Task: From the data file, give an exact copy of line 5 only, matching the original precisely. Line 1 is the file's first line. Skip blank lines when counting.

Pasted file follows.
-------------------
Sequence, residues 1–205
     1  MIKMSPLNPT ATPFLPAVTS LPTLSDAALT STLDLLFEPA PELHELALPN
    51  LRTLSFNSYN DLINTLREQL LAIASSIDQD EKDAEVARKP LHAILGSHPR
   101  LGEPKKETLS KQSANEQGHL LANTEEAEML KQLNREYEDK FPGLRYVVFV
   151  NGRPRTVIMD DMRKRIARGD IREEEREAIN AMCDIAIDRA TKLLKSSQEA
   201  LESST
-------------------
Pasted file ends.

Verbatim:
   151  NGRPRTVIMD DMRKRIARGD IREEEREAIN AMCDIAIDRA TKLLKSSQEA